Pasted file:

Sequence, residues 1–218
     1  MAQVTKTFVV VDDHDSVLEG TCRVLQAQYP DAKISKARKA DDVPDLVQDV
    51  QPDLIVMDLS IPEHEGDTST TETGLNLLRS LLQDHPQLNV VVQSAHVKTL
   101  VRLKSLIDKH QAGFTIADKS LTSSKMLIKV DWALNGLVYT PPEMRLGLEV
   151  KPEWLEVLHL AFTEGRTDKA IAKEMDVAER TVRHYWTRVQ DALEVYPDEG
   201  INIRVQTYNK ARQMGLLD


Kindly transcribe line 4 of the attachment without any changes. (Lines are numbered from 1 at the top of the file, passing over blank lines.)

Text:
   101  VRLKSLIDKH QAGFTIADKS LTSSKMLIKV DWALNGLVYT PPEMRLGLEV